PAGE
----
Chris Coles, from Babbacombe in Dorset, has become known as “The Puzzle Man.” He has completed over 7,000 jigsaw puzzles during the past 20 years.
“I just love it.” Chris says. “I’ve been doing it for so long I’ve completed the same puzzle design as many as ten times. I relish the really hard ones like ones with blue skies or thatched roofs. A very large, complicated puzzle can take over 20 hours. Sometimes I totally lose track of time and need to be reminded by my wife that it’s bedtime.”
While Chris loves jigsaw puzzles, he doesn’t always do it just for himself. He often spends up to ten hours a day completing puzzles donated to charity shops to determine whether pieces are missing.
Chris understands the quiet determination and concentration needed to finish a complex puzzle — often over 1,500 pieces — and the dismay from finding there’s a piece or pieces missing. “The frustration of a piece missing is the worst feeling in the world.”
Much of Chris’s work is for the Mare & Foal Sanctuary charity shop in Babbacombe. Manager Dawn Green says It’s great that we can guarantee a complete puzzle. “We sell a lot of donated jigsaw puzzles, especially over the Christmas holidays, but we don’t have time to check them. Once customers know they’ve been checked by Chris they sigh with relief. He has quite a reputation amongst puzzle lovers in Babbacombe.”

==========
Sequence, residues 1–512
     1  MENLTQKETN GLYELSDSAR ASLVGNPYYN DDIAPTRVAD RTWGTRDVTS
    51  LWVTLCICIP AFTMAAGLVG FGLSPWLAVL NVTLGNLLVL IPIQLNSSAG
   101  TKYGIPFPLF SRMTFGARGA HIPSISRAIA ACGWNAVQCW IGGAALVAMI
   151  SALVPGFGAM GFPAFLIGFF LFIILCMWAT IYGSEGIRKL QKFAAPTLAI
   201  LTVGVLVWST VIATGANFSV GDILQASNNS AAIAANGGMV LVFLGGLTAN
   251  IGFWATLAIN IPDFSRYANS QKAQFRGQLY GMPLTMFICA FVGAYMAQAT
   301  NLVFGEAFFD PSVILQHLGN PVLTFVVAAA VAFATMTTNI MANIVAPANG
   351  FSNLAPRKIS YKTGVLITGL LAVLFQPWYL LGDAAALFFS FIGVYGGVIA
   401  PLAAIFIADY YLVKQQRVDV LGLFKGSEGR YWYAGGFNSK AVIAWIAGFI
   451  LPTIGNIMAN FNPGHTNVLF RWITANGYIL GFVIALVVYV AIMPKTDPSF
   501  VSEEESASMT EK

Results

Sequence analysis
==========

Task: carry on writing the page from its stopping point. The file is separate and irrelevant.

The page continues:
“Staff often come across newly-donated puzzles with Chris’s old stickers stating when last checked them — one from as far back as 2003. But he’ll happily check them again. He’s a godsend.”
Chris says, “It’s so therapeutic. It teaches you to be patient. The fun is in the doing. You can really lose yourself in it.”
Chris is describing the feeling of “flow,” a mental state recognized and named in 1975 by Hungarian-American psychologist and professor Mihaly Csikiszentmihaly. Athletes call it “In the zone.” It’s the complete absorption and loss of sense of space and time.